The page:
Asian-Pacific Islanders (APIs) protest in Texas against HR 4437 anti-immigrant legislation on May 1, 2006.
I'm sure that there are forces already at work trying to undermine the burgeoning immigrant rights movement that has surged forward in the last couple months. Not that I'm a conspiracy-theorist, I just know how the US government and others powers that be work, and they can be very threatened by large mobilizations of people who were formally unorganized and had little voice in the public dialogue, like undocumented immigrants.
I also know how the liberal-left elements in our society work--they often fight with each other over crumbs while the Right remains fairly united and chips away slowly and steadily at our civil and human rights, and at the social-democrat ideology that is at the root of some of these rights.
Efren rants about the flaws of both the current US immigration policies and what he broadly calls 'immigration activists'. He bemoans the fact that the largely Latino-focused mobilizations and organizations that have been so visible in recent days have not reached out to API constituents. It's an argument I've heard from other APIs who are feeling, I think, a little bitter at yet another example of our invisibility in this society. We APIs are very much affected by HR 4437, the legislation that these protests are responding to, although the issue is still a divisive one in our very heterogenous racial group (in terms of class, nationality, language, culture AND immigration status). But we still haven't turned out in large numbers in the streets--at least not in California. Why not?
The answer to this, really, is quite simple, and can be reflected in this chart that I found via a news article posted on another blog.
And in California, the number of Latinos is roughly three times the population of Asians, according to the 2000 Census. Of course, this count probably excludes many 'illegals' of both Latino and Asian background because of folks' fears of being caught and deported, but it's probably safe to say that the number of Latinos in California and in the US far exceeds that of APIs. Also, in 2003, the Census bureau reported that Latinos had surpassed African-Americans as the largest minority in the US. So in terms of sheer numbers, it makes sense that Latinos would be present in large numbers during these protests.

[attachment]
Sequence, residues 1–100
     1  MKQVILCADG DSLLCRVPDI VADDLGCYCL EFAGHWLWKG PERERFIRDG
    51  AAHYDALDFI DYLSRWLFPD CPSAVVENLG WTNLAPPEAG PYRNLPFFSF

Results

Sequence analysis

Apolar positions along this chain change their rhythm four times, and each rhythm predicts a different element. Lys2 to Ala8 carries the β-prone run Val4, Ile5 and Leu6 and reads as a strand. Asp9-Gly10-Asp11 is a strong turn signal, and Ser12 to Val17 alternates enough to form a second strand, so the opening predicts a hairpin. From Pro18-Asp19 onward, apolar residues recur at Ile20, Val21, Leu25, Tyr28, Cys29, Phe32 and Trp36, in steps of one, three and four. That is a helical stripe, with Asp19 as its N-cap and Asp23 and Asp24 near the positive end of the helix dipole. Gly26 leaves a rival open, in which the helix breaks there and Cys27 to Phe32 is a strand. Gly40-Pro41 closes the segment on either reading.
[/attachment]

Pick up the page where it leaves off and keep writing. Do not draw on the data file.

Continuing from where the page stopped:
I think it's interesting that API activists are saying that these 'Latino organizations' (which I doubt many of these activists could name but are quick to blame for the lack of API presence) should reach out to APIs, when in fact many immigrant rights groups (a good listing can be found on the National Network for Immigrant and Refugee Rights web site, have an API component or have relationships with API constituencies.
Efren and others have also questioned the effectiveness of boycotts as a strategy to make change. On some counts, I agree with them. After all, HR 4437 is still alive, and could still pass into law. Boycotts, though, are just one tactic in a larger strategy that many groups are participating in that includes lobbying of Senators and Congresspeople through letter-writing, phone calls, emails, etc. And those forms of civic participation are equally important and necessary to actually win the policy victories that we need to change the concrete conditions (police repression, INS harassment, mass deportations, etc.) in this society.
But boycotts and strikes--especially of the May Day variety, which were fairly spontaneous and organic, and involved hundreds of thousands if not millions of people in mass action--can be extremely effective in conveying to policymakers the number of people that feel strongly on an issue. Especially in this day and age, with the Left-liberal elements of the US political landscape having so little hold on mainstream media, these large mobilizations are very effective at at least calling attention to the issue, however briefly, and forcing the mainstream media to give us air time.
My two cents. But yes, boycotts and strikes are part of a larger strategy, and are not the solutions in and of themselves. Which is one thing I'm already hearing that this burgeoning immigrant-rights movement is already debating amongst themselves. This sentiment was encapsulated perfectly for me in my favorite chant from the May Day march in San Francisco: "Hoy Marchamos, Mañana Votamos!"--Today We March, Tomorrow We Vote.
Haiti Emergency Relief Fund reading Friday June 30
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